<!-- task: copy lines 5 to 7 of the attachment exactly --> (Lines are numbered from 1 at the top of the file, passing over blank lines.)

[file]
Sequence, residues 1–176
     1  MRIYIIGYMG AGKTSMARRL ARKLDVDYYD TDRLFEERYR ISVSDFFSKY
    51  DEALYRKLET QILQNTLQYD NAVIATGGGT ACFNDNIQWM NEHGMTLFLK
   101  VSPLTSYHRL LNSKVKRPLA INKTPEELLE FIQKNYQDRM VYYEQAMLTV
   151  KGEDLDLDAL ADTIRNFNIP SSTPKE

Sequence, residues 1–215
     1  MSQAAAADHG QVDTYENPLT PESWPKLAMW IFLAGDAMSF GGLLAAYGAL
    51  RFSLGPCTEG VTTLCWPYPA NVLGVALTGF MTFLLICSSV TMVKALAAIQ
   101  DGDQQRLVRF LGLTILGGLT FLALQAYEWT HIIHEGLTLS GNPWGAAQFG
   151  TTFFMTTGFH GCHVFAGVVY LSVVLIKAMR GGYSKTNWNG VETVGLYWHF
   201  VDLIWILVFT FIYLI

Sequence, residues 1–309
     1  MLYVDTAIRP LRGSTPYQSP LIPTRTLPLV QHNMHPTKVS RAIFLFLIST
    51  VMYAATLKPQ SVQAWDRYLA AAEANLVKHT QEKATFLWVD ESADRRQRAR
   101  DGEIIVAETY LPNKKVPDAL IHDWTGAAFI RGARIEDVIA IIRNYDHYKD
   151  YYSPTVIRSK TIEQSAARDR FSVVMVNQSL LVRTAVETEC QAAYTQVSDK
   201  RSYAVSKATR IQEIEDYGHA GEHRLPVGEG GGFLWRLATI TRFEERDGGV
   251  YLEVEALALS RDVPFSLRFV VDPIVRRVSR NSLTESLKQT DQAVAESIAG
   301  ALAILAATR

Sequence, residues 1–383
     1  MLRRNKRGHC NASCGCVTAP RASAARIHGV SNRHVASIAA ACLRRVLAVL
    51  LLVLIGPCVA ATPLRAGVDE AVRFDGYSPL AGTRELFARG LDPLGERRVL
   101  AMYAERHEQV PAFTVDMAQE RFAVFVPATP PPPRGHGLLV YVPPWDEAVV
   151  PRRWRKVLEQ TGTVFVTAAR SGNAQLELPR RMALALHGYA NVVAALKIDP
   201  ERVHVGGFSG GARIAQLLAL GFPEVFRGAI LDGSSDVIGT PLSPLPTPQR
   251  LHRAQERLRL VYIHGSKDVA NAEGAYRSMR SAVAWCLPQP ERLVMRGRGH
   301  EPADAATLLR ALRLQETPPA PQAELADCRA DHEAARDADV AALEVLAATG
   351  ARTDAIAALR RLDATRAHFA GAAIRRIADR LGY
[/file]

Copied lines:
   151  KGEDLDLDAL ADTIRNFNIP SSTPKE

Sequence, residues 1–215
     1  MSQAAAADHG QVDTYENPLT PESWPKLAMW IFLAGDAMSF GGLLAAYGAL